One other interesting item is our external atmospheric environment, does the interplanetary medium change much as we move through our orbit in the galaxy? Might there be “lumps” of gas out there which the earth periodically runs through in its orbit? Similar conjecture has been made about effects of the earth and solar system passing through the galactic plane as our orbit oscillates about the central plane.

    I see no reason to presume that interplanetary space is uniform over time and the 93 million miles of tenuous gas between the earth and sun is uniform over time. In nature we see fractal behavior with variability at all possible scale. They have mapped very large scale density variations in the universe, is there really any reason to assume there are not similar variations in interplanetary density as we traverse millions of miles of our orbit around the galactic center. We can clearly see such density variations on a galactic scale in the bars and arms of spiral galaxies. Like any fluid there should be swirls and eddies of all scales in the tenuous gas of intergalactic space.

    In addition to the changes in energy emissions of our variable star, might there also be periodic changes in the medium it has to pass through to get to the earth?

    I agree changes in spectral content could explain many changes even if total energy transfer was nearly uniform.

  15. omanuel says:

    Technocrats are powerless over and therefore try to hide this reality: Magnetic fields connect Earth directly to the pulsar core of the supernova that made our elements and sustains our lives:

  16. Pingback: Salvatore Del Prete Thesis | Climate Collections

  17. omanuel says:

    Junk Science has raised a new issue: Were the integrity of government science and constitutional limits on government sacrificed for “The Long Peace of 1945-2015?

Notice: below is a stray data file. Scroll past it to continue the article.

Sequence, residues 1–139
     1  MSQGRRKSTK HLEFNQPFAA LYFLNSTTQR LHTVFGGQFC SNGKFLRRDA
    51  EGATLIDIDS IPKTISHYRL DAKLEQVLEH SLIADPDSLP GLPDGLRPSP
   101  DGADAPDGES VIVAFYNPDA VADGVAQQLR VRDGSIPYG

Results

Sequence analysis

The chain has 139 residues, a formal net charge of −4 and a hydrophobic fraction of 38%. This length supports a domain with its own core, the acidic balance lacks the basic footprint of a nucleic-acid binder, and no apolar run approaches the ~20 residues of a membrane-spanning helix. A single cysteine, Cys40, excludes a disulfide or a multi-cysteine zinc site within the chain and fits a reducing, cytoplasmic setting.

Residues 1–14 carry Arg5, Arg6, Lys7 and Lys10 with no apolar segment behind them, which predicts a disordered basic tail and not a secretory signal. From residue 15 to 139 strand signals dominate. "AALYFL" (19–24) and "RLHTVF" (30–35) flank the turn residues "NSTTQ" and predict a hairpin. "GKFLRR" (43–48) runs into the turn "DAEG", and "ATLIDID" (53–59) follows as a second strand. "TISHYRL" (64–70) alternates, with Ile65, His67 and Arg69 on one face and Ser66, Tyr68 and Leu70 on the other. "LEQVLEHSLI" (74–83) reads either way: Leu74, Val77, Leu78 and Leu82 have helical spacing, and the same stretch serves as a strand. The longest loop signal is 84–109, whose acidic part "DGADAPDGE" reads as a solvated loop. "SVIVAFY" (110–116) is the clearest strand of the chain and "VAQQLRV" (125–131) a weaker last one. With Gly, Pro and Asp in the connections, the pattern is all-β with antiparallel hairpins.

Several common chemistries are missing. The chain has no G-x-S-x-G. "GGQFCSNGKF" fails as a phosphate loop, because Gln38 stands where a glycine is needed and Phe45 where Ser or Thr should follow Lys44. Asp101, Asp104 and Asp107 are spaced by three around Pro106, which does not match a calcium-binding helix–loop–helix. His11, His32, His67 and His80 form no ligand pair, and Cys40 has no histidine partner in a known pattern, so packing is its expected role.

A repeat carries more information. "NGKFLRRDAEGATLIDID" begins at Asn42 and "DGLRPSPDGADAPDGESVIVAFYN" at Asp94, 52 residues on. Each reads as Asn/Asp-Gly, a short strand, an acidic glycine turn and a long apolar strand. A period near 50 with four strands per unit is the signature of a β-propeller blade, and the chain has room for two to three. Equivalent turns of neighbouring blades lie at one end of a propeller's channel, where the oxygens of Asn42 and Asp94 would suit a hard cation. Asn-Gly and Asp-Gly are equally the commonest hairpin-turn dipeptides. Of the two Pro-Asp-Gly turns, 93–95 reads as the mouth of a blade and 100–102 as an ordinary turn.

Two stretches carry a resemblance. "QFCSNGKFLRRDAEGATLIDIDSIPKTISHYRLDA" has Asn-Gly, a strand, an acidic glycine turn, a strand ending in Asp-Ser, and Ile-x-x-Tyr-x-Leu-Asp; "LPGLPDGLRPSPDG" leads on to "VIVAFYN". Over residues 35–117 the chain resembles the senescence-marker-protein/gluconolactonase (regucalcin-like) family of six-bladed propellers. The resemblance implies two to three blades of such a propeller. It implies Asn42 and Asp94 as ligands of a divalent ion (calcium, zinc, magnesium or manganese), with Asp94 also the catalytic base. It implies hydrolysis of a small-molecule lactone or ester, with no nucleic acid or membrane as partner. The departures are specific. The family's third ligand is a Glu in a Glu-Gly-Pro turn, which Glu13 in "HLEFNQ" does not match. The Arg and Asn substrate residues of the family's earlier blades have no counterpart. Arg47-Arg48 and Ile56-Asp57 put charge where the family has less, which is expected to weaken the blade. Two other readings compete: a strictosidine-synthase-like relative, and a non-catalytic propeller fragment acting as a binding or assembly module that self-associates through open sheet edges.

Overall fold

18. Graeme No.3 says:

    I wasn’t that keen on your suggestion that rain would melt the ice. After all 46 mm of rain at 2℃ would be needed to melt 1 mm of ice (at -20℃). With the ice likely to be even colder it would take a long time to make much difference to the ice area, but the change to a warming period seems to have be quite quick.
    I realise that there would be extra heat from the sun, but the change in the amount of solar heat at perigee with the right obliquity is fairly small. Picking up on your suggestion that dust plays a big part, I wondered if it was the major accelerating factor. Dust in the atmosphere prevents a lot of the solar rays from reaching the ground. I notice that Chicago there is only 35% of a clear sky.

    What I suggest is that there is a change in the amount of radiation whether from Milankovitch or a change in solar output. I incline to the latter, as astronomers think that the Sun is a variable star, and its output could vary by up to 4%. Even a 1% increase would be significant. The extra heat causes some rain near the Equator which ‘flushes’ dust from the atmosphere, allowing more solar heat to reach the surface, causing more evaporation. The change forces the rain band further north. Water on ice would not absorb much of the solar rays, but if it was quite dirty it would. This then provides an additional start to melting. Thus the ‘flip’ to a warm stage.

  19. p.g.sharrow says: